Commentary Magazine


Posts For: January 15, 2013

What it Means to Be a Pro-Israel Democrat

A lot of the drama was taken out of the battle to confirm Chuck Hagel as secretary of defense today when New York Senator Chuck Schumer endorsed the nomination. Schumer said he had made the decision after a long conversation with his former Senate colleague in which he was, he said, reassured that the new Pentagon chief had changed his mind about the relationship between Israel and the United States as well as his previous views about Hamas, Hezbollah and Iran. Schumer directly addressed the concerns that members of the pro-Israel community have expressed about Hagel’s sudden change of heart by saying this:

“I know some will question whether Senator Hagel’s assurances are merely attempts to quiet critics as he seeks confirmation to this critical post,” Mr. Schumer said. “But I don’t think so. Senator Hagel realizes the situation in the Middle East has changed, with Israel in a dramatically more endangered position than it was even five years ago.”

Such faith in Hagel’s conversion from a politician who bragged about standing up to the “Jewish lobby” and an opponent of sanctions against Iran as well as an advocate of engagement with Hamas and Hezbollah is remarkable. How is it possible that in the space of only a few months that Hagel could have had such a dramatic change of heart? Given Hagel’s disdain for the current government of Israel and the fact that only last fall he was signing letters expressing opposition to any mention of the use of force against Iran, only the most cynical of partisans could believe for a minute that the Nebraskan’s new positions are a sincere expression of his actual opinions. While Schumer, a powerful senator who has no fear about possible challenges to his seat, may think his seal of approval of Hagel will have no consequences, it is the sort of thing that, at the least, ought to raise the question of what it actually means to be a pro-Israel Democrat these days.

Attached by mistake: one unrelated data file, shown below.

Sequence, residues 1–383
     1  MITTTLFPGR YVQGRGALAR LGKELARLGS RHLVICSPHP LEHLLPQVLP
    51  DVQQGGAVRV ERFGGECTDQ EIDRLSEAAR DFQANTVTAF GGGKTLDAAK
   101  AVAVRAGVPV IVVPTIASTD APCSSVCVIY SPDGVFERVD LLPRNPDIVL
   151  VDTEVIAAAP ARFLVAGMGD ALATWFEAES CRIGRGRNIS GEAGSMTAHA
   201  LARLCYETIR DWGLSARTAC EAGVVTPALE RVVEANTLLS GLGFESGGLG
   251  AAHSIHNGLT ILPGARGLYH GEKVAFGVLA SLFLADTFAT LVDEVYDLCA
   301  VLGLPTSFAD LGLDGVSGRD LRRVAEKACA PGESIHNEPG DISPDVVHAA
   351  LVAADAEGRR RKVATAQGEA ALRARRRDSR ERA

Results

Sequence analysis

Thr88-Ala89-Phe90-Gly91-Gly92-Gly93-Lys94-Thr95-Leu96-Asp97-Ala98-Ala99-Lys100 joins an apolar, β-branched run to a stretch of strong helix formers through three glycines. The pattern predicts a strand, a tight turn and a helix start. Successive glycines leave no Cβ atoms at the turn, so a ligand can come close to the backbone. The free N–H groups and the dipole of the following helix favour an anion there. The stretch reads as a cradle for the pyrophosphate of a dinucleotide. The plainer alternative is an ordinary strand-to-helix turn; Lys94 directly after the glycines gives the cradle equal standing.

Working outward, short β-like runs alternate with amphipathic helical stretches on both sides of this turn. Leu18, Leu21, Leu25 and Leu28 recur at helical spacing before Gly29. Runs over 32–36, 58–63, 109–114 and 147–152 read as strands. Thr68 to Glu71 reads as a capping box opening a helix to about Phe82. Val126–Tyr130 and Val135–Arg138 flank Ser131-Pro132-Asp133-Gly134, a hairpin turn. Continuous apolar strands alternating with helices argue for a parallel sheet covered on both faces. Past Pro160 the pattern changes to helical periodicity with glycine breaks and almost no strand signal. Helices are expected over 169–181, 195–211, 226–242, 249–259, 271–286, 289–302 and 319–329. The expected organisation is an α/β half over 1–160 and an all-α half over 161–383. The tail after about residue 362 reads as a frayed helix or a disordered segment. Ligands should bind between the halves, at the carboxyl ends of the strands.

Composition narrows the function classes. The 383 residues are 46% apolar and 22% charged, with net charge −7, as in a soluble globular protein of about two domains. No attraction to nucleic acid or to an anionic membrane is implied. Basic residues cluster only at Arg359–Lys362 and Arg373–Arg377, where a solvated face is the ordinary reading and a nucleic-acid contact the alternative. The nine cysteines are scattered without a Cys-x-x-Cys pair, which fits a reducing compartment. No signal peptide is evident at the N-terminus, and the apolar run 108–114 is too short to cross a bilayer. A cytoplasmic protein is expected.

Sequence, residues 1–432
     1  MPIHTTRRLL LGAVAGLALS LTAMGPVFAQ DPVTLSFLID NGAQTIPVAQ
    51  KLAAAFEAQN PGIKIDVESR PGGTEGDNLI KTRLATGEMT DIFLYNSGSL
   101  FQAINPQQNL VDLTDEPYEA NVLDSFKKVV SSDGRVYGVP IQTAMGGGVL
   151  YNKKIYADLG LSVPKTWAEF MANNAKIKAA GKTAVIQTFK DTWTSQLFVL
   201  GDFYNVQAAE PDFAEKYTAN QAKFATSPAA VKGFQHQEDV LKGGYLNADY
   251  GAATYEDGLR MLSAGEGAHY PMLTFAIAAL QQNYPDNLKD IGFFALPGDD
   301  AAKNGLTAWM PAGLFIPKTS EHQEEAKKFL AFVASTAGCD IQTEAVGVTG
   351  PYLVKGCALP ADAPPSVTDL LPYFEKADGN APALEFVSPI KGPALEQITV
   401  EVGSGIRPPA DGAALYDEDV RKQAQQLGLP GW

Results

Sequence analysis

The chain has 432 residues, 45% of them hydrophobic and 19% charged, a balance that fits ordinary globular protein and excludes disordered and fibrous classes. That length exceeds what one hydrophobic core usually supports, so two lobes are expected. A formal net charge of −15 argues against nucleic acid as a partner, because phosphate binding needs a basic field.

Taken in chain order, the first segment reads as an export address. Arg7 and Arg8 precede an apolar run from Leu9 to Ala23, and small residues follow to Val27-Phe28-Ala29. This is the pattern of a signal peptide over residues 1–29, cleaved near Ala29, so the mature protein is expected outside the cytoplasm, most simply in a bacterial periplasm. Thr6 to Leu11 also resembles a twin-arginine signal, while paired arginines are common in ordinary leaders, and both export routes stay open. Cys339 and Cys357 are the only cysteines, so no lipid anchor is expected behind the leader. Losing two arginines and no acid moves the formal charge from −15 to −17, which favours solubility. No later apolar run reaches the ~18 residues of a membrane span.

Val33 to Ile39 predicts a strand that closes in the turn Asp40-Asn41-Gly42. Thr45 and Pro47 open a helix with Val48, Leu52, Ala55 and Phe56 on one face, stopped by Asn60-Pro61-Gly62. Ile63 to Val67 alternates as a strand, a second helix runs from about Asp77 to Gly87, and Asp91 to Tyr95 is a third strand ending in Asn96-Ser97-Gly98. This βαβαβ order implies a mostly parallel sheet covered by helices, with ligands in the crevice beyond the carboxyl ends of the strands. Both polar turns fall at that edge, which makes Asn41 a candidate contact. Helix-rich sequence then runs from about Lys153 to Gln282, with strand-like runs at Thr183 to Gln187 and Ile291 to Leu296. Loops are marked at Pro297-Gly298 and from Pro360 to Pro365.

Read More

A lot of the drama was taken out of the battle to confirm Chuck Hagel as secretary of defense today when New York Senator Chuck Schumer endorsed the nomination. Schumer said he had made the decision after a long conversation with his former Senate colleague in which he was, he said, reassured that the new Pentagon chief had changed his mind about the relationship between Israel and the United States as well as his previous views about Hamas, Hezbollah and Iran. Schumer directly addressed the concerns that members of the pro-Israel community have expressed about Hagel’s sudden change of heart by saying this: